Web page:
Telum Vox Pop: PRs that moved to Australia from abroad

Telum Vox Pop: PRs that moved to Australia from abroad

Leaving the comfort of your home country to work abroad, though exciting to some, can feel quite daunting to others. Telum spoke with a number of PRs who have moved from the UK and US to Australia about challenges they've faced, their overall experience, and any advice they have for someone who might be considering such a move.

What were the main challenges you faced?  

Kate Evans, Account Manager, Corporate, BCW Global - moved from the UK
I think a key challenge for me has been adjusting to a totally new and different media landscape. There are fewer publications, which means it’s harder to get coverage for clients, and the landscape is much more nuanced and localised. This means you really have to focus on the quality of coverage, not quantity. A key thing I had to learn in my first week was who owns which national publication!

Another challenge has been getting to grips with how parochial Australia is. I’ve quickly learned that every story we take to press or create for clients has to be through an Australia-specific lens - which is super different from the UK!

Liam Bettinson, Senior Performance Manager, We Are Different PR - moved from the UK
I know it isn’t the case for everyone, but I actually found the process of moving to Australia relatively seamless! 

I wanted to work out what PR looked like in the market before moving, so I made an effort to meet and network with agencies while I was still in the UK. I’m really glad I did it too, as it meant I could secure a great job in advance and have peace of mind that I could focus on setting everything else up when I arrived.

That being said, there is a fair bit of "life admin" that needs your attention upon arrival in Australia - whether that be setting up my TFN, medicare, or superannuation, getting a new phone contract, setting up a new bank account or even finding a new home - and it can feel slightly daunting when you’re first going through it. Thankfully, I managed to get through everything fairly quickly - and I’ve got a really supportive team (including a few other Brits) who helped with any of my life admin concerns or questions!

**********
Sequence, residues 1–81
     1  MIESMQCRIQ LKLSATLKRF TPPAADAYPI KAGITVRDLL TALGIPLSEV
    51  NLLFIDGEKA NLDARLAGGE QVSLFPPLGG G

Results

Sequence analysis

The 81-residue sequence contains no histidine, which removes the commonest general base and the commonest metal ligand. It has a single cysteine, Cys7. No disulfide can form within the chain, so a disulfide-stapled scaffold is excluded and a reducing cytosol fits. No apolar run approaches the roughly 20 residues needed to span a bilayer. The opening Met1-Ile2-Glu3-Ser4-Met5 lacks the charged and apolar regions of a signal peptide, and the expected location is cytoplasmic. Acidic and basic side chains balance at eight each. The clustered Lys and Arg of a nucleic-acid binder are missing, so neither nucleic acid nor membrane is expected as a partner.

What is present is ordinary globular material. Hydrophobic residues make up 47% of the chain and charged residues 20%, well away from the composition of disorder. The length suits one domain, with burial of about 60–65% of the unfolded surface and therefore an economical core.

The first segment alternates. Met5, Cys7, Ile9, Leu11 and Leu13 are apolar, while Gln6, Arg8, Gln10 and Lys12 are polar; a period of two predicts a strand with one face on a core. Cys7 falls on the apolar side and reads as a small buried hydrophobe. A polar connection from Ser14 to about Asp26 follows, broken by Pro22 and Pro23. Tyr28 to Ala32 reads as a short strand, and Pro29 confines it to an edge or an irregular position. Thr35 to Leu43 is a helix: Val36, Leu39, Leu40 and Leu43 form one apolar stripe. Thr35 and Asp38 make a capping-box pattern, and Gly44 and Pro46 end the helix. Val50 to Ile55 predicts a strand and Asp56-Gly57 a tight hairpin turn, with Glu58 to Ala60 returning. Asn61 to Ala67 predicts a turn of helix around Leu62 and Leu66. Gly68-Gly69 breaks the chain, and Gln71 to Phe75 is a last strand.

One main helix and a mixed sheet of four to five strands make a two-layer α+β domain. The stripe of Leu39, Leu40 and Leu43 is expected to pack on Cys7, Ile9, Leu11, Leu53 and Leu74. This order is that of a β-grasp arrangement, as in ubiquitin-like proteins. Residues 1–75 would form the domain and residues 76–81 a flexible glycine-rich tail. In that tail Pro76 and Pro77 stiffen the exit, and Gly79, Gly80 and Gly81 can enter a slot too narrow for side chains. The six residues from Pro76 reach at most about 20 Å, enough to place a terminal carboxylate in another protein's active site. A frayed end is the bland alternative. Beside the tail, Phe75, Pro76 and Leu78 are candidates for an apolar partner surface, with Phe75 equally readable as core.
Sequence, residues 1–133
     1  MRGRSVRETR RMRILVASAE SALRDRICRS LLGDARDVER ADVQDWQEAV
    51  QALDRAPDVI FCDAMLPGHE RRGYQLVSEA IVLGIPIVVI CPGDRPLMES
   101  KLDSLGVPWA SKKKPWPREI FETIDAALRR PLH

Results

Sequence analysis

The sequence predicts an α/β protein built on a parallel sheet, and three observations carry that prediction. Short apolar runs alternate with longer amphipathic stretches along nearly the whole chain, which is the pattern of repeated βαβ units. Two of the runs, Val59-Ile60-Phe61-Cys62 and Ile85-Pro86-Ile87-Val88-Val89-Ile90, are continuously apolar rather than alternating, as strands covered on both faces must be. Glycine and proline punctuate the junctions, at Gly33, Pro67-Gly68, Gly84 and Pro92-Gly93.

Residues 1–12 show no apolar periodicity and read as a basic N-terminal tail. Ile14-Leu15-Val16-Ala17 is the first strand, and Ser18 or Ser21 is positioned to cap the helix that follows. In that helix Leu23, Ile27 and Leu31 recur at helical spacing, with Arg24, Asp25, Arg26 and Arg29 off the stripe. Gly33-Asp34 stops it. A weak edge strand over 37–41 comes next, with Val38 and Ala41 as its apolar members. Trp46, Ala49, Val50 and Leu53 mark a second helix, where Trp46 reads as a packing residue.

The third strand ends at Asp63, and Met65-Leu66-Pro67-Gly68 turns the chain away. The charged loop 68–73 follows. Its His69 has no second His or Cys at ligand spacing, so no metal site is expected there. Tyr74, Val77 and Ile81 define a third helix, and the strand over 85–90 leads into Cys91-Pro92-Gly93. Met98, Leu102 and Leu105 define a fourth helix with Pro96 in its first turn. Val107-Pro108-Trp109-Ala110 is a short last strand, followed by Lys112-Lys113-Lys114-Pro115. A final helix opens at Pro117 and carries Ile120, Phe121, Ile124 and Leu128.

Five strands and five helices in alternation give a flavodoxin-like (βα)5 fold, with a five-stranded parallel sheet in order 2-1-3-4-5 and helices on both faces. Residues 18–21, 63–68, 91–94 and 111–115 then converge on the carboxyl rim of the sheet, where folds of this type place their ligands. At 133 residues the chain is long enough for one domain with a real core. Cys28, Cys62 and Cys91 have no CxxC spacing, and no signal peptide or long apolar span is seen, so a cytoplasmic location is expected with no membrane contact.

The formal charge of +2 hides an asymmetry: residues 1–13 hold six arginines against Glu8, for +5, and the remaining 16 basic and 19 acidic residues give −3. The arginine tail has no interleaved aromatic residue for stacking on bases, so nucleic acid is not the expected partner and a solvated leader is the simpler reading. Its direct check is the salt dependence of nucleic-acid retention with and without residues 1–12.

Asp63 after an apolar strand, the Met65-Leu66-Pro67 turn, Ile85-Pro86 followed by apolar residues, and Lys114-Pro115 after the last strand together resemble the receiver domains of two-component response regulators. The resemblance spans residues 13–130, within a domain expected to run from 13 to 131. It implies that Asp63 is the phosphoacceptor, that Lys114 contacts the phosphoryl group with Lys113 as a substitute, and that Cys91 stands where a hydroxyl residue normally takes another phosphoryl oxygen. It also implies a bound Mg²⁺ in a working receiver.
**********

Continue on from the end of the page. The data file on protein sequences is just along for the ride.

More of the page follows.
Kateri Mackey-Moseley, Communications Manager, Nestlé - moved from the US
I was very fortunate in my move to Australia, both personally and professionally. Personally, my husband (boyfriend at the time I moved) is Australian, so I was moving over to live in an established apartment with someone I loved and a built-in community of his friends and family. Professionally, I already had a six-month comms contract lined up with a state branch of a national NFP.

However, after that six-month contract ended, the challenges started to roll. COVID hit and a lot of positions fell dormant as companies went into hiring freezes while they navigated the pandemic landscape. On top of that, I found myself pigeon-holed into entry level positions because the visa I was on only allowed a six-month employment term per employer. This made it hard to be a competitive candidate for positions with long-term internal growth opportunities, or more senior positions that expected long-term commitment. It was only after applying for my residency that my long-term employment prospects picked up because I had fewer restrictions around my employment.

Madison Gee, Senior Account Manager, Madden & Assoc. - moved from the US